Construction spending across the five boroughs set an all-time record in 2016 and also reached its highest annual level in decades, even after adjusting for inflation, according to a New York Building Congress (NYBC) analysis of multiple data sources.
The NYBC estimates that a total of $42.4 billion was spent on construction projects in New York City last year, up from $41.2 billion in direct construction spending in 2015 and $32.4 billion in 2014. After adjusting for inflation, 2016 spending topped this century’s previous high-water mark, set in 2007, by about 1 percent.
NYBC also analyzed the extent to which the current building boom continues to reverberate throughout the local economy. The $42.4 billion spent on direct construction last year generated an estimated $66.3 billion in total economic output, up from $64.9 billion in 2015 and $51.5 billion in 2014.
Of the $66.3 billion in total economic output in 2016, NYBC attributes $12.1 billion to the indirect impact of construction, which includes all employment and income generated by businesses that service the industry, such as architectural, engineering, legal, and other firms. Another $11.8 billion is attributable to the induced impact of construction, which is the result of workers and suppliers spending their wages on local consumer purchases, such as clothing, food, and transportation.
This represents a multiplier effect of $1.56, as each dollar spent on construction yielded an additional $.56 in overall economic activity.
Construction also played a role in the creation of nearly 349,000 local jobs in 2016. In addition to the 208,000 men and women employed directly by the design, engineering, and construction industry, last year’s activity produced another 141,000 jobs throughout New York City’s economy. Approximately 70,000 jobs were created in fields that service the construction industry, such as lawyers, accountants, and suppliers. Still another 71,000 jobs were induced by the increased household earnings that resulted from direct construction and the related expansion of economic activity.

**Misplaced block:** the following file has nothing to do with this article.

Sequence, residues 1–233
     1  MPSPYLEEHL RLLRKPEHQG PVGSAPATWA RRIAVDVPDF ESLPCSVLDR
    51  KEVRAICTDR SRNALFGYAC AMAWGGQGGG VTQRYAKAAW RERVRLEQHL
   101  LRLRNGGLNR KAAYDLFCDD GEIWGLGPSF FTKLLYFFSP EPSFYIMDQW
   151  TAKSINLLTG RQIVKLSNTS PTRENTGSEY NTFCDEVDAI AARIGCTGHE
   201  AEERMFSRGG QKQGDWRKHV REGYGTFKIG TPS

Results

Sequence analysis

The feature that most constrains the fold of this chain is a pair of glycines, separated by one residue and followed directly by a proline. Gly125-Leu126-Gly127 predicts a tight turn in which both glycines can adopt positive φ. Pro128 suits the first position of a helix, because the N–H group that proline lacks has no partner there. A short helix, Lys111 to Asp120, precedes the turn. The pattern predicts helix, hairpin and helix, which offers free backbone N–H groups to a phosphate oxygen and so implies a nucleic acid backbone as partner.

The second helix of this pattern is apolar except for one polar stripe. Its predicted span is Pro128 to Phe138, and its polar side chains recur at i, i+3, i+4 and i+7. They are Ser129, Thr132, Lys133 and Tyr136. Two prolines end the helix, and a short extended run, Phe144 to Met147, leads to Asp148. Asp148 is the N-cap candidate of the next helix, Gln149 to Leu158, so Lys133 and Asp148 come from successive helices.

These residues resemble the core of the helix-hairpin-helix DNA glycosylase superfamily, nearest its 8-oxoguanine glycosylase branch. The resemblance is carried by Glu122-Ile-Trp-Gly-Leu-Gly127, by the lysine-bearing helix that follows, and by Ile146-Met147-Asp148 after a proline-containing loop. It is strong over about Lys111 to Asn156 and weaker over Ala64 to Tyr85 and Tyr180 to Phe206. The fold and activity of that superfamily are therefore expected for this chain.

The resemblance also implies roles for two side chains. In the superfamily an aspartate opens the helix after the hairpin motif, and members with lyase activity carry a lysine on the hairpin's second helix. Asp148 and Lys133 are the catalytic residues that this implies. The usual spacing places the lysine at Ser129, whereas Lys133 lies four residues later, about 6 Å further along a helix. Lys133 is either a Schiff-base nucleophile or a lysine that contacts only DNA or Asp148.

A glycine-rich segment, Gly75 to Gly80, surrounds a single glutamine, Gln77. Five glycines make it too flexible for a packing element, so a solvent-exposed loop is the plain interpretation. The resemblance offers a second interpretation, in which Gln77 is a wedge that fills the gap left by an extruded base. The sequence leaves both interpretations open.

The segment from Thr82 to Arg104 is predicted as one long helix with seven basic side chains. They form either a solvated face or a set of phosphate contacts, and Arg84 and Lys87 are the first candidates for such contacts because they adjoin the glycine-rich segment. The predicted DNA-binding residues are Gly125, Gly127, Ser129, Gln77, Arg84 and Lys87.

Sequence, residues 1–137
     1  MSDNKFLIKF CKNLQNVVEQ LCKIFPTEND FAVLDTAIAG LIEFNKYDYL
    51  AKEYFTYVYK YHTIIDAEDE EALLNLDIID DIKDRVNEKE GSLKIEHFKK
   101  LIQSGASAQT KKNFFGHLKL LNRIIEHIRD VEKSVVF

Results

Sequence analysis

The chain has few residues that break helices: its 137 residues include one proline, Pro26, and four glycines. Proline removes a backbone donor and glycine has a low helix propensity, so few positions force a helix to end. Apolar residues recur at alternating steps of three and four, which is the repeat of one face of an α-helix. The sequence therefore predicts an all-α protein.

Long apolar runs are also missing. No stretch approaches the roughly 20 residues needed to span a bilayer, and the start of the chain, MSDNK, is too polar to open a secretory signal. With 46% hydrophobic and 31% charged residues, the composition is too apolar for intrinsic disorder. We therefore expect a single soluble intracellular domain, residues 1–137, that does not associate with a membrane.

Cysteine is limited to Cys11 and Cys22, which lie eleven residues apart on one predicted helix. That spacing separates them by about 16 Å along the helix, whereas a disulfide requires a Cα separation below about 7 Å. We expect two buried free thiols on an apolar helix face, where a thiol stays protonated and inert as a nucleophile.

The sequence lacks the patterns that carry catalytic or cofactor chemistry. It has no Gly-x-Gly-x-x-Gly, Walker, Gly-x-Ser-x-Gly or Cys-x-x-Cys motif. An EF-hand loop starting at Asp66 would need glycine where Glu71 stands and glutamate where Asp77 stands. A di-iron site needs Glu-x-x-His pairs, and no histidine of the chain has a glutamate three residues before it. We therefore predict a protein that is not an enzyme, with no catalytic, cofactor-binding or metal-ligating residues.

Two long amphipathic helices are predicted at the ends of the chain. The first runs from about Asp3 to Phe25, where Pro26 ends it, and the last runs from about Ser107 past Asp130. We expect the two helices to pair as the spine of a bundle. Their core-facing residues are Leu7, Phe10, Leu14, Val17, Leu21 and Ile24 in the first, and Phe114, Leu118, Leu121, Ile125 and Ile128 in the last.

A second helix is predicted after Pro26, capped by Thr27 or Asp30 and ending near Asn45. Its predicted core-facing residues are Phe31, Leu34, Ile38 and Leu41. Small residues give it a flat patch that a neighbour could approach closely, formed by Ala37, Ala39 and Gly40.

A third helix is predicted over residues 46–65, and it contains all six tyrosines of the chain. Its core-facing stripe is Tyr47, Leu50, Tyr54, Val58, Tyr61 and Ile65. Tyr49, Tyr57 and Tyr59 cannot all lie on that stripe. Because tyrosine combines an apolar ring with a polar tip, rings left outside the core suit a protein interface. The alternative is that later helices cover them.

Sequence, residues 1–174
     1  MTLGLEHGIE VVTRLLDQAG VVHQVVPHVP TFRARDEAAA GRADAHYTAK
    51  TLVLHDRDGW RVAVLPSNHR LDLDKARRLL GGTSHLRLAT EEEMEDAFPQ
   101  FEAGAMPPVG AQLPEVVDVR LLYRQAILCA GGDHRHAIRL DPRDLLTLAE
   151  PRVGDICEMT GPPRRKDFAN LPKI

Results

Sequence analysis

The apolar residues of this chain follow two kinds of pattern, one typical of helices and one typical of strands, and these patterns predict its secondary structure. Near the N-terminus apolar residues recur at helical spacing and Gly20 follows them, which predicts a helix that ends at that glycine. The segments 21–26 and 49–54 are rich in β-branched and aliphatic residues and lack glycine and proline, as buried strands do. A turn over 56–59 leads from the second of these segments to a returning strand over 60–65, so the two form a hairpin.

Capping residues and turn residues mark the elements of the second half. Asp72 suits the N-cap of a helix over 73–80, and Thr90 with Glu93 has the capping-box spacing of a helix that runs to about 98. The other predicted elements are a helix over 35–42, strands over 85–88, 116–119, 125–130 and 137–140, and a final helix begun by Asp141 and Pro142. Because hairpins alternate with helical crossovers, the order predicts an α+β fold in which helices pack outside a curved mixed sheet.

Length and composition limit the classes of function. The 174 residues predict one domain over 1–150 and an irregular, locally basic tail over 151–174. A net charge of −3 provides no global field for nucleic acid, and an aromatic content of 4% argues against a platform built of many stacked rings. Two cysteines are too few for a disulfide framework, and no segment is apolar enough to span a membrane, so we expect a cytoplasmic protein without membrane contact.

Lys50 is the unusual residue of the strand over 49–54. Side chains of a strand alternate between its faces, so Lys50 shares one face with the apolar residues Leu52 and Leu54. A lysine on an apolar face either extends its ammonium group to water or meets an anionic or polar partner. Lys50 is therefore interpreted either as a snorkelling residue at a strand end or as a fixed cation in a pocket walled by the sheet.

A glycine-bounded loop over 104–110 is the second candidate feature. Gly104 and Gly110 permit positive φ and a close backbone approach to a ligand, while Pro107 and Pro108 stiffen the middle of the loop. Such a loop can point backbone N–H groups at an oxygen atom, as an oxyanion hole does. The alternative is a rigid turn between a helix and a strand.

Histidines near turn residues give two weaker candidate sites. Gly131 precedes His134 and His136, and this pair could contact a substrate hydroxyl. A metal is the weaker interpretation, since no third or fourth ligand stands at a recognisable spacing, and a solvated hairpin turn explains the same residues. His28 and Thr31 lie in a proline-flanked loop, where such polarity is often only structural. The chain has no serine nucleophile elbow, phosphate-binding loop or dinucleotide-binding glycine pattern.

“The construction industry continued to fire on all cylinders in 2016, which has extremely positive short- and long-term implications for New York City and the region,” said NYBC president and CEO Carlo A. Scissura. “In addition to being a catalyst for jobs, tax revenues, and heightened quality of life, a thriving construction industry generates enormous ripple effects that are felt by residents throughout the five boroughs and sows the seeds for continued economic growth.”
Non-residential construction, which includes office space, institutional development, sports/entertainment venues, and hotels, produced the most in direct spending and economic output last year. Activity in this sector led to a total 2016 economic output of $25.2 billion, including $17.1 billion from direct spending, $3.4 billion of indirect output, and $4.7 billion from induced effects. This sector produced $17.9 billion in direct construction spending and $26.3 billion in total economic output in 2015. In 2014, non-residential construction was responsible for $10.1 billion in direct spending and $14.9 billion in economic output.
Government construction spending, which includes investments in mass transit, roads, bridges, and other essential infrastructure, reached $12.7 billion last year, up from $8.1 billion in 2015 and $10.3 billion in 2014. Last year’s spending stimulated $3.3 billion in indirect and $3.5 billion in induced output for a total economic impact of $19.5 billion, which is up from $12.5 billion in 2015 and $15.9 billion in 2014.
Residential construction yielded $12.6 billion in direct spending and $21.6 billion in economic output in 2016, down from $15.2 billion and $26.1 billion in 2015. In 2014, the residential sector accounted for $12.0 in direct construction spending and $20.7 billion in economic output. Prior to 2014, residential spending had never reached $7 billion in any single year.
“The numbers confirm what we’ve been hearing from our members – the current building boom is being driven by all three main construction sectors, which is really important,” Scissura said. “It means that there’s a lot of work available for all industry firms and tradespeople, no matter their specialty. Just as importantly, it indicates that the builders of housing and infrastructure are working to keep pace with the growing demands of the city’s businesses and residents.”